All photos by: Achilleas Zavallis. A volunteer from one of the Christian militias in the Hasakah Governorate, northeast Syria
The security office is so neatly tucked away into a small side street that it’s a little difficult to take it seriously as a threatening resistance operation. Inside, young guys are sitting around with rifles, some in uniform, others in civilian clothes. It's a typical scene in today’s Syria, a country with more armed groups than is possible to count, except for the fact that the office is so clean you could eat off the floor, and most of the men are strikingly well-groomed. Also, the sign on the office wall is in a language other than Arabic or Kurdish, the two main languages of the region, and there is a cross in its center.
Sutoro, the name the organization goes under, means "police" in Syriac, the language of the Assyrian Christians of the area—the Hasakah Governorate in the northeast of the country. The group has been described as a Christian militia, but it’s really a neighborhood watch, albeit with arrest powers and automatic weapons. Its members patrol the streets of Qahtaniya, Al-Malikiyah and Qamishli, towns and cities where people—mostly Kurds, but also Christians and Sunni Arabs—are locked in a brutal struggle against Islamist militants, some of them with ties to al Qaeda.
Syria’s Christians—many of whom are richer and more comfortable than the country’s mostly poor Sunni majority—have mostly featured in the news as victims of the country's civil war. The fighting between Islamist rebels and government forces in Maaloula, a Christian town north of Damascus where Aramaic, the language of Christ, is still spoken, has been widely reported and seen as another ominous development for a community that was, until a few years ago, thriving not just in Syria but also in Iraq. Since the conflict began, 450,000 Christians are thought to have left the country, more than a quarter of the original total. But some are now resisting.
"We started this group to allow our people to defend themselves, and to assure them that they don’t have to leave their land. The jihadis are targeting us,” said the Sutoro’s commander in Qahtaniya. Like most Syrian Christians—organized or not—he is fearful enough of publicity to ask me not to print his name. The Sutoro doesn’t operate independently, but in cooperation with Kurdish security forces, the northeast’s dominant power. Patrolling and manning checkpoints, they are mostly busy with town security, deterring crime and solving smaller local problems. One group is said to be active on the frontline that divides the region declared an autonomous Kurdish territory at the beginning of this year from the areas controlled by the mainly Arab rebels.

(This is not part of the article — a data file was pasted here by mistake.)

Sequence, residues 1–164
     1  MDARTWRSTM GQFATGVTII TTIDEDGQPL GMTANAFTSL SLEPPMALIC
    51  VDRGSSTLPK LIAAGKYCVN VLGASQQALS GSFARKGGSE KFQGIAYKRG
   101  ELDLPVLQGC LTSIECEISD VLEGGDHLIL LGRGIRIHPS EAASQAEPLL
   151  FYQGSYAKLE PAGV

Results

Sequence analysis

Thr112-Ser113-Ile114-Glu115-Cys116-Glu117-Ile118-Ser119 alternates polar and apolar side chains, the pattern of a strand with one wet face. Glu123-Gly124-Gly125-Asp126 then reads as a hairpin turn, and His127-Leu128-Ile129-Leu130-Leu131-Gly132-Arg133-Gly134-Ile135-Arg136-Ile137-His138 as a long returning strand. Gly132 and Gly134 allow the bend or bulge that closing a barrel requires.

The Kurds have made a point of not tolerating rival armed groups on their territory, a key to the region’s relative calm, but they don’t seem to mind that some of the Christians are forming militias. "All the communities are equal here, so these guys have the right to protect their areas,” said Shahin Yakub, Kurdish police spokesman in Al-Malikiyah. "They coordinate everything with us and there are only about 20 of them in this town.”
The attitude wasn’t always so tolerant; a few months ago, when the Sutoro first tried to set up shop in Al-Malikiyah, the Kurds disarmed them. The intensifying war against the Islamists, and the resulting suicide-bombing campaign that has targeted Kurdish towns, may have helped to change their minds.
An abandoned Syrian Orthodox church in Ras al-Ayn
However, there are some issues with the Sutoro. The groups in Al-Malikiyah and Qahtaniya are under the control of the Syriac Union Party (SUP), which is an anti-government organization. The sympathies of the Qamishli branch are less clear. Many Christians say that the group is riddled with regime loyalists and informants, though that may simply reflect the reality that, in Qamishli, the government is still very much present. This situation also reveals the splits and confusions within the community as a whole and the fact that many Christians want nothing to do with the three-year anti-government uprising, which, as they see it, has brought them only misery.